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Occupational health legislation and practices related to seafarers on passenger ships focused on communicable diseases: results from a European cross-sectional study (EU SHIPSAN PROJECT)

George Rachiotis1, Varvara A Mouchtouri1, Clara Schlaich2, Tobias Riemer2, Carmen Varela Martinez3, Gordon Nichols4, Christopher LR Bartlett5, Jenny Kremastinou6, Christos Hadjichristodoulou1* and the SHIPSAN partnership**

Author Affiliations

1 Department of Hygiene and Epidemiology, Faculty of Medicine, University of Thessaly, 22 Papakiriazi Str., Larissa, 41222, Greece

2 Hamburg Port Health Center, Institute of Occupational and Maritime Medicine, Seewartenstrasse 10 20459 Hamburg, Germany

3 National Centre of Epidemiology, Sinesio Delgado 6 28029, Madrid, Spain

4 Gastrointestinal, Emerging and Zoonotic Infections Department Health Centre for Infections, Health Protection Agency, 61 Colindale Avenue, London NW9 5EQ, UK

5 UCL Centre for Infectious Disease Epidemiology Department of Primary Care Population Sciences Royal Free and University College Medical, School Latchmoo Farm, Tile Barn Lane, Brockenhurst, SO42 7UE, UK

6 Department of Public and Administrative Health, National School of Public Health, 196 Leoforos Alexandras, 115 21 Athens, Greece

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Journal of Occupational Medicine and Toxicology 2010, 5:1  doi:10.1186/1745-6673-5-1

Published: 10 February 2010



Seafarers play an important role in the transmission of communicable diseases. The aim of the present study is to draw information and identify possible gaps on occupational health practices related to seafarers sailing on ships within the European Union Member States (EU MS) with focus on communicable diseases.


A structured questionnaire was sent to competent authorities from 21 EU MS. The questionnaire included questions about occupational health policies, medical certification of seafarers, communicable diseases reporting and relevant legislation. Descriptive analysis of the data was conducted by the use of Epi Info software: EU MS were categorized in four priority groups (A, B, C, D) based on: number of passenger ships visits, volume of passengers, and number of ports in each country. Moreover, EU MS were categorized to old and new, based on the date of entry in the EU.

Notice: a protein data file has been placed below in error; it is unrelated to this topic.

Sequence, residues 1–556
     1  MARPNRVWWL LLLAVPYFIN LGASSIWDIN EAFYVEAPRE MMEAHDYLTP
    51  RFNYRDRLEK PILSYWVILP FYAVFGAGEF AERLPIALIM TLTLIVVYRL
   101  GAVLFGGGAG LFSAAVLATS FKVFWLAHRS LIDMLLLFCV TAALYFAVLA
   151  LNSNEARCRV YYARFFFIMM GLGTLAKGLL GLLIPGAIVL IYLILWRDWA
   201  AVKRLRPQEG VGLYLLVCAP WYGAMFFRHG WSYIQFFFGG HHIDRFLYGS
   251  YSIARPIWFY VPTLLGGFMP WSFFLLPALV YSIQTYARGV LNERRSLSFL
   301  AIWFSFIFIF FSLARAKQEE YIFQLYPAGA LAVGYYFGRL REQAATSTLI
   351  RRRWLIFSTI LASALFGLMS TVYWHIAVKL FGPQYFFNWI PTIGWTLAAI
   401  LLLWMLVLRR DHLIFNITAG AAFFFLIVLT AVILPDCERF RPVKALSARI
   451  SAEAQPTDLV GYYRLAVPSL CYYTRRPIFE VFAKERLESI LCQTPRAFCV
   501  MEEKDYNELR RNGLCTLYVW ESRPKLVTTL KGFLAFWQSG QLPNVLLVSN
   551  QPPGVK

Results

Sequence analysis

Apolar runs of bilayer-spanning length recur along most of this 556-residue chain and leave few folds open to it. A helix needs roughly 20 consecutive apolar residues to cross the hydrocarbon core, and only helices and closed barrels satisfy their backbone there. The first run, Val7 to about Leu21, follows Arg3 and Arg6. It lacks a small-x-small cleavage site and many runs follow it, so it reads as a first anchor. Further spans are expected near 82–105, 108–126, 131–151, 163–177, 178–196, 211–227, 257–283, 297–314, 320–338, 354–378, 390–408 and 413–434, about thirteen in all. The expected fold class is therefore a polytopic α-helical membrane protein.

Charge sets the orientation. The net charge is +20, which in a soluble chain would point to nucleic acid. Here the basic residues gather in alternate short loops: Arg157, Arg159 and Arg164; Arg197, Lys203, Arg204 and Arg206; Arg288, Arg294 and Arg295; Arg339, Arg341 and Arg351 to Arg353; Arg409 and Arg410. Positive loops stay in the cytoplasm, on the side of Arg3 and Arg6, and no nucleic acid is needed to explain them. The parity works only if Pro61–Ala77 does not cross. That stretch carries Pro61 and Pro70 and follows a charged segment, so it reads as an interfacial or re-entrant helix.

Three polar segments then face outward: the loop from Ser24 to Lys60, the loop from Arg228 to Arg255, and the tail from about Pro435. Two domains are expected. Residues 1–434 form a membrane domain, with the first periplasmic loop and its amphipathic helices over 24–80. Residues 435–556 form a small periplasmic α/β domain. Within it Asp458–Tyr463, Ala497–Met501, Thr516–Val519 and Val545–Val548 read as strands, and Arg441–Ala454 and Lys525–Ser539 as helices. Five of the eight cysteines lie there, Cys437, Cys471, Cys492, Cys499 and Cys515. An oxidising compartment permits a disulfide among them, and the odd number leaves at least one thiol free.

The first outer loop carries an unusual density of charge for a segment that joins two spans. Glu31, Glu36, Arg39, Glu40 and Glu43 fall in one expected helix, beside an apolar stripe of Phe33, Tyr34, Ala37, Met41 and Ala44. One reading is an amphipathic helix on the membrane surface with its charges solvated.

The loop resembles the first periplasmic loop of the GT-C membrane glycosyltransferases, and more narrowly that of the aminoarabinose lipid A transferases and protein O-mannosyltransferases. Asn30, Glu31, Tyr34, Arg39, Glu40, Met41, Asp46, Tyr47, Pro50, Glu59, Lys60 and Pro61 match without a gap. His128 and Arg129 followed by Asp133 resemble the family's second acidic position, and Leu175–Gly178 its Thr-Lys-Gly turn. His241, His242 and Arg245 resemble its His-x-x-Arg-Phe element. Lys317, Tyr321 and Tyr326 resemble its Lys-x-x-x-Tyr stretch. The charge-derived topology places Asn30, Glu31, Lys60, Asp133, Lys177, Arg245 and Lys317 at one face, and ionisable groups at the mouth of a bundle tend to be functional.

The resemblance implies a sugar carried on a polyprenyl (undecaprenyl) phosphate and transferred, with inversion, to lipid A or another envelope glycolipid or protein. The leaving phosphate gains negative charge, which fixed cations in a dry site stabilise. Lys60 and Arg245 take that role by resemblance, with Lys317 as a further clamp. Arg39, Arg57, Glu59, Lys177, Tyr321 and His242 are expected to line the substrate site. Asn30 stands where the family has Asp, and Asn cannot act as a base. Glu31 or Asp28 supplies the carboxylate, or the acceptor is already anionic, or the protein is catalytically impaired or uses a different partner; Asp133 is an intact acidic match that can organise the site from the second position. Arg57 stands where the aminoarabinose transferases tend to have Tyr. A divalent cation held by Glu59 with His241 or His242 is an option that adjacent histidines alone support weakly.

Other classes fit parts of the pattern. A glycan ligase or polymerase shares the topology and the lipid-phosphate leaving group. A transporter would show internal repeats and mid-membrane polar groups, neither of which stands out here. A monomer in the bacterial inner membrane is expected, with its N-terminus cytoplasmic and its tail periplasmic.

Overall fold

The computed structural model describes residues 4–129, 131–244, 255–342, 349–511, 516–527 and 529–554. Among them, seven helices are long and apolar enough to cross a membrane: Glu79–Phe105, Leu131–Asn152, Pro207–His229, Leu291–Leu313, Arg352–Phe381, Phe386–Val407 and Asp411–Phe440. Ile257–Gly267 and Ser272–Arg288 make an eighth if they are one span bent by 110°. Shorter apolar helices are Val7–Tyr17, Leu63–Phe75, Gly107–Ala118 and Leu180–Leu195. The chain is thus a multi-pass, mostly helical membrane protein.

All 21 countries with relevant competent authorities responded to the questionnaire. The existence of specific national legislation/regulation/guidelines related to vaccination of seafarers was reported by three out of the 21 (14%) responding authorities. Surveillance data of communicable diseases related to seafarers are collected and analyzed by 4 (19%) authorities. Five out of 21 of the responding countries (24%) reported that tuberculin test result is required for the issuance of seafarer's medical certificate while a great variety of medical examination is required for the issuance of this certificate among countries.

Gaps on occupational health services focused on communicable diseases related to maritime occupation have been reported by 33% of the responding countries.

Responding authorities from Group A and B had the highest percentage of reported gaps followed by groups C and D. Old MS reported a higher frequency regarding gaps on occupational health services in comparison to new MS.


Our results revealed heterogeneity regarding occupational health of maritime employees in EU MS. This work provides some evidence that further work at international and European level could be considered, in order to explore the potential for harmonized initiatives regarding occupational health of seafarers.